13 Suddenly a great company of the heavenly host appeared with the angel, praising God and saying,

14 Glory to God in the highest Heaven, and on earth peace to those on whom his favor rests.”

Also: Look at Matthew 1: 18-25; Luke 1: 26-38; Luke 2: 1-7, 8-14, 15-20; Matthew 2: 1-12; Luke 2: 21-33

God Bless you and your family, and have a wonderful Christmas.    Jan

Do you have a technology addicted child? Part 2

Philippians 4:13, “I can do all things through Christ who strengthens me.”

Going back to the story about J from my last post (Dec. 13th)…

When J’s Junior year began, his attendance was very spotty. This was one of his problems in the 9th grade, so I automatically started wondering what was going on with him. When I would ask the kids he hung around with where he was, or if they knew why he wasn’t at school, they would reply that they “didn’t know,” and that “all he does is play computer games.”

J’s grades dropped back to D’s and F’s because, even though when he was at school he did his work, he had way too many absences to pass his classes.

When school staff met with J and his mom, we found out that about the only thing J did at home was play games on his computer. When I reminded him about all the work he did the previous year to get his grades up so he could get a diploma, he just mumbled, “Yeah, I know.” I asked him directly if he still wanted a diploma and he basicly said, “I don’t care.” His future came down to a choice between using technology 24/7, and school, and technology won.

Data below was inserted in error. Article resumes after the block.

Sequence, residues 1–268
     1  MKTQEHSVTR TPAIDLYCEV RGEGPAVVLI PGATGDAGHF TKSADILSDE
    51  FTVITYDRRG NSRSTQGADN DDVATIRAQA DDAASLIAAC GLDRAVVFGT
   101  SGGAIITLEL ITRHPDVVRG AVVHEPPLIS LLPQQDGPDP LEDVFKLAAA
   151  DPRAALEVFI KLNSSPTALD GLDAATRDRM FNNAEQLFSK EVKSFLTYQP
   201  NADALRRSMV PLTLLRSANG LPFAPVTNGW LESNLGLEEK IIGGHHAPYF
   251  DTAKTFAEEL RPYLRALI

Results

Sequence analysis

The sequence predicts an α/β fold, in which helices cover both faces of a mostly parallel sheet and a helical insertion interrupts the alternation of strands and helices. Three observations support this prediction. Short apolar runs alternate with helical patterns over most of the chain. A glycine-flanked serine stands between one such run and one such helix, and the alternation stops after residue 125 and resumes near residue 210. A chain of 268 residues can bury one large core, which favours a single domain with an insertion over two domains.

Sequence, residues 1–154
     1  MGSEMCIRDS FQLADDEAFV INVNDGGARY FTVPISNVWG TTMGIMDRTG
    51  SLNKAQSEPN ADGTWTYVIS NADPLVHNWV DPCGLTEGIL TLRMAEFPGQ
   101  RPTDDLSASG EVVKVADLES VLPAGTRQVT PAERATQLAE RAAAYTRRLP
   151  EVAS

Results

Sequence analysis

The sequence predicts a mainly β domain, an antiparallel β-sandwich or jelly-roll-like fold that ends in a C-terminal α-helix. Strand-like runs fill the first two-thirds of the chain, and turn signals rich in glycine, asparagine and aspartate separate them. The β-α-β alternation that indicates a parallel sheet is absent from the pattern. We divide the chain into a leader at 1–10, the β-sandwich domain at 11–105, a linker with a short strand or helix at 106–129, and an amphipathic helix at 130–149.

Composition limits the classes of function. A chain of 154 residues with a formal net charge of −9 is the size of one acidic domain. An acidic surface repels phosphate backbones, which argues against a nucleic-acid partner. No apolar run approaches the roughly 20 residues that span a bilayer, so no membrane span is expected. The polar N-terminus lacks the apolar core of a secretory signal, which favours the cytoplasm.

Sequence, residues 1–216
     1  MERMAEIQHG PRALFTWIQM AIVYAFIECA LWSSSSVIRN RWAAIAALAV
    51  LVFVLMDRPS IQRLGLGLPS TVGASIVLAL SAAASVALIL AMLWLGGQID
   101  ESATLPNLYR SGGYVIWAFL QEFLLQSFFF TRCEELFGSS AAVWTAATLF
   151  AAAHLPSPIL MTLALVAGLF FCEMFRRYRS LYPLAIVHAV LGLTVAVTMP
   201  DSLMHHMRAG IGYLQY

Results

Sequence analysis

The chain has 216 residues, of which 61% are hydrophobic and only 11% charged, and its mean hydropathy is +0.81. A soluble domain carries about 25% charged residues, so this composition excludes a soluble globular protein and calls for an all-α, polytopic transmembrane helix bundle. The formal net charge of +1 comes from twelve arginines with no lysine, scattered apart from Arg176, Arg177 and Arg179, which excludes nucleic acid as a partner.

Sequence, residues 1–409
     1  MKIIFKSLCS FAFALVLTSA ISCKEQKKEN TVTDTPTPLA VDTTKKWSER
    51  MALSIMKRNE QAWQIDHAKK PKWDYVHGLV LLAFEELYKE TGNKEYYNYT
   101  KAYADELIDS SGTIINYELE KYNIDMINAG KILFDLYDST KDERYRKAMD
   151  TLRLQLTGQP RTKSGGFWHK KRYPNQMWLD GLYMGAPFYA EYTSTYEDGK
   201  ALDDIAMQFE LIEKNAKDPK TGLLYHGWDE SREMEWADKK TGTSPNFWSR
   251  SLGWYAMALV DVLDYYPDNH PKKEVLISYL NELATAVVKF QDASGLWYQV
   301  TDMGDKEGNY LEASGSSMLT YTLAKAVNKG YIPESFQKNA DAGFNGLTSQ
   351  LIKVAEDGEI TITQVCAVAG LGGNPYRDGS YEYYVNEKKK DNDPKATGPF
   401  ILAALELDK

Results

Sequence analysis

Teachers tried very hard to keep J motivated to work hard and stay in school, but it was far easier for him to stay home and be on his computer all day. We tried to encourage and support mom to help J, but J pretty much dropped himself out of high school around the end of April of his Junior year.

J should be a Senior this year. If he went (or goes) back, he will have classes to make up, but will still be able to get a Diploma, if he decides he wants to.

This can happen in Christian, and non-Christian homes. Know what your kids are doing on their electronics. Give them a strict time limit! Experts on kids and technology use say no more than 2 hours a day for teens.

Pray for your kids. Be involved with them. Read my blog from November 7th for more suggestions. Help your kids NOT fall into this trap!!

What would you do, if you had a technology addicted child?